The salon is a free, informal event where people with culture-shifting ideas and projects come together to talk about them, and support and inspire each other. These ideas and projects can include business ideas, political campaigns, creative endeavors, and the like. Each person introduces themselves and talks briefly about their ideas and/or projects, and then there is an opportunity for mingling, networking, brainstorming, and discussion.

In Portland, I have two themed Salons coming up, as well as an un-themed, open one. (Three different venues.)

Tuesday, May 10: Nonviolent Communication/Restorative Justice theme
5:30-7:00 pm, Know Thy Food Collective, 3434 SE Milwaukie Ave, Portland

Tuesday, May 24: Vegan theme
6:00-8:00 pm, Papa G’s Organic Deli, 2314 SE Division St., Portland

Tuesday, June 7: No theme; all ideas welcome
6:00-8:00 pm, Liz’s Creative Café, 9401 SE 32nd Ave, Portland/Milwaukie

You can RSVP to any of these on Facebook; they are all listed at (Or, you can send me a message via the “contact” button here.)

I also invite you to join my brand-new Meetup group, Portland Culture Shifters. For now, the Meetup is a way to invite people who are not on Facebook to the salons, but there may be other gatherings posted there in the future.

Finally, if you live in one of the above-mentioned cities, please feel free to contact me if you or anyone you know might be interested in attending such an event in your city, and/or if you know of a good venue where I could hold a salon. I will be in DC in late June, and I’m tentatively planning on the other three cities next March.


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Inviting the power of empathy into our lives

When I meet people socially, and they learn that I run a professional empathetic listening practice, I hear a wide range of responses.  Some people are confused, not sure what that entails.  Some are surprised.  (“Wow, people pay you to listen to them?”)  But many respond with a sort of “a-ha” expression.  They say things like, “We all need that so much!”  And probably the most common response I hear is, “Oh, I could use some help with my listening skills!  I want to do it, but I find myself talking more than listening.”

People’s responses confirm for me the intuition I had, upon starting my practice years ago, that we all benefit deeply from being listened to – truly heard – more than we generally are in our day-to-day lives.  Our culture is so rushed.  Most of us are racing back and forth amongst our workplaces, our various appointments, the grocery store, maybe going out dancing or to see a show… By the time we get home at the end of the day, it’s all we can do to veg out in front of the television or computer, and then flop exhaustedly into bed, waiting to do it all again tomorrow.  We tend to spend very little time speaking from the heart and truly being heard… nor in listening quietly and deeply to others, taking in their reality and enriching our own.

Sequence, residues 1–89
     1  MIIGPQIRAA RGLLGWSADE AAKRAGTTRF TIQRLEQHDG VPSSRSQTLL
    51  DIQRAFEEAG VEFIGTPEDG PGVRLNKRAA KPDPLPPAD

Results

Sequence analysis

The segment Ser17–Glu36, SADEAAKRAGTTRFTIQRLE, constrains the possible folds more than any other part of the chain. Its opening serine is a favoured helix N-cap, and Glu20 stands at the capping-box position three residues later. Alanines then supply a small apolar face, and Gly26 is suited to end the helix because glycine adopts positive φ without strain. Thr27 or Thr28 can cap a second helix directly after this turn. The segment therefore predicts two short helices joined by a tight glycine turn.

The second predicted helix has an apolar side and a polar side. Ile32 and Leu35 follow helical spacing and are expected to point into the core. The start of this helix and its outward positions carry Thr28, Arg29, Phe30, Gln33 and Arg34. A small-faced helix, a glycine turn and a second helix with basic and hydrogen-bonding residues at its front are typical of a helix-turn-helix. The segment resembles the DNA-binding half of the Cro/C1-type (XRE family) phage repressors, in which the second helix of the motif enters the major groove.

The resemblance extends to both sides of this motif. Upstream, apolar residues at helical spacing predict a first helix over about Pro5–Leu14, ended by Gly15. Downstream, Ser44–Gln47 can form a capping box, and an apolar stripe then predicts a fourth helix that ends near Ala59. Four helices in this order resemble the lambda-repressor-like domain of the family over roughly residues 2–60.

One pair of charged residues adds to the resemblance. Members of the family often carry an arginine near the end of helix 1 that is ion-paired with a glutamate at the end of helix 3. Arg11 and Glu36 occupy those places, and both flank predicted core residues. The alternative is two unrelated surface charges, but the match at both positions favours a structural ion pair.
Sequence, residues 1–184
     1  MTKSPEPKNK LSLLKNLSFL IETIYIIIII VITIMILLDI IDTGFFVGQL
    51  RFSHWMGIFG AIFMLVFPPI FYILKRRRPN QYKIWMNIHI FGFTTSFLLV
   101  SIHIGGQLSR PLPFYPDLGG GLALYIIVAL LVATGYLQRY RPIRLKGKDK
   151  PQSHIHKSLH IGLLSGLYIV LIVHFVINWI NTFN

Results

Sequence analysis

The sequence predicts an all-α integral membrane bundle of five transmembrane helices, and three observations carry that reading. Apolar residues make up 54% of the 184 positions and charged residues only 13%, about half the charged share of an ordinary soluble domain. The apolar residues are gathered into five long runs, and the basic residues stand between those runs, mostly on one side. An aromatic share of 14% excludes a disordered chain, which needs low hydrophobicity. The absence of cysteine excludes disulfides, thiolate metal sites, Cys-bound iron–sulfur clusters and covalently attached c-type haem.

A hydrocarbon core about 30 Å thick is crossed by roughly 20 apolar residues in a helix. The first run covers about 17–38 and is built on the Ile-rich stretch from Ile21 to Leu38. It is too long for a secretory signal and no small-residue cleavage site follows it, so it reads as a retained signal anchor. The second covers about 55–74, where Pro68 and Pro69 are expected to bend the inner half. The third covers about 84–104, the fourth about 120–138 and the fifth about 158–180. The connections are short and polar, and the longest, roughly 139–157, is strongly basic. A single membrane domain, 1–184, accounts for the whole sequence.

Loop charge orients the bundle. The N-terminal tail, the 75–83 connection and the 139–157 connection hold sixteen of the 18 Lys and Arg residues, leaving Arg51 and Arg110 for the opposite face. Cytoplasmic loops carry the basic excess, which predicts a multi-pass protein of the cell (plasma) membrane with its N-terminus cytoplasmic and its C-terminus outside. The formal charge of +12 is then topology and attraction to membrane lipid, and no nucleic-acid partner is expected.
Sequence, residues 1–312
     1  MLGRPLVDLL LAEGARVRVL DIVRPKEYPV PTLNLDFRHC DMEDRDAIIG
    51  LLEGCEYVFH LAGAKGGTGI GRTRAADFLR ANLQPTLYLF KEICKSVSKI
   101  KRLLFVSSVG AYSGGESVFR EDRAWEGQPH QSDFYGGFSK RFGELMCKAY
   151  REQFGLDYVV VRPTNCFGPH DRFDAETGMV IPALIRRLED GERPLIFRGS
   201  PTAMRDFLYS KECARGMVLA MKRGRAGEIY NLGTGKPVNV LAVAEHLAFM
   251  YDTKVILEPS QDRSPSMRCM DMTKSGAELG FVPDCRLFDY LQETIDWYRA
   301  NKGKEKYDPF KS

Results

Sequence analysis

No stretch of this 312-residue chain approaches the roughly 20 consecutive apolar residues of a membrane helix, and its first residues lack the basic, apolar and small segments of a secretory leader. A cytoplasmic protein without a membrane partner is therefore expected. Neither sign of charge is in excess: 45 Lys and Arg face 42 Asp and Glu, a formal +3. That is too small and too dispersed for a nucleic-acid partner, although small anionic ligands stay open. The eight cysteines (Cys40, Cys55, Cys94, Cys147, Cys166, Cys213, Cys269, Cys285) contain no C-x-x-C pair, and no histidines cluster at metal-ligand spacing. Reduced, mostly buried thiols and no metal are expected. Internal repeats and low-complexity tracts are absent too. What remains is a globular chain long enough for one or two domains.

Years ago, a friend and I decided to attend a local introductory talk by Marshall Rosenberg, founder of Nonviolent Communication (NVC).  What he spoke about was so simple, yet so transformative, that it changed both of our lives immediately.  We subsequently read his book, Nonviolent Communication: A Language of Life, and we co-founded a local NVC practice group.  Both of those activities were meaningful and enriching to me.  But what I appreciated most about the experience was that my friend suggested that she and I begin meeting every two weeks to talk deeply and give each other our full attention, support, and empathy, with no interruptions, distractions, judgments, or advice.  I thought it sounded like a wonderful idea.  And sure enough, as we made this a regular practice, it deepened my connection to myself and my values, and my connection to her as a friend.  More than ten years later, we are still meeting every two weeks for these conversations, and they continue to enrich my life deeply.

So, I want to encourage you, the reader, to find a space and time to listen deeply to another, and have them listen to you.  There are powerful gifts to be found on either end of the exchange.  You might think of a friend you admire and feel comfortable with, and approach them with the idea.  A helpful structure to follow is for one person to begin, and share whatever thoughts and feelings have been alive for them in the past week or two.  The listener may nod, smile, or offer brief interjections of understanding or support (“Wow, I know exactly what you mean!” or “I can really relate to that experience”) but without taking the focus away from the speaker.  When the speaker feels complete – often after about an hour – then you switch roles until the next speaker has shared enough to feel complete.  It can be a surprisingly powerful experience when each person has felt and expressed their own truth, and each has been enriched by hearing the other’s truth.  These exchanges can help us gain clarity about our values and the direction of our own lives, and can also support a powerful closeness and camaraderie between the two participants, especially over time. I invite you to try it and see for yourself.

I believe that this greater sense of self, and a greater sense of connection to others, also benefits the larger community.  I have been toying with the idea of setting up “listening salons,” where a group of us would gather and pair up in such a way, perhaps for shorter exchange periods such as 20-30 minutes. These events would be similar to the Dream Into Change salons I have recently begun hosting, but they would focus on general emotional support rather than specific ideas and projects. I can host them locally in Portland and/or in various other cities as I travel. I’d love to hear your feedback as to whether an event like that would appeal to you; please feel free to comment below, or email me directly.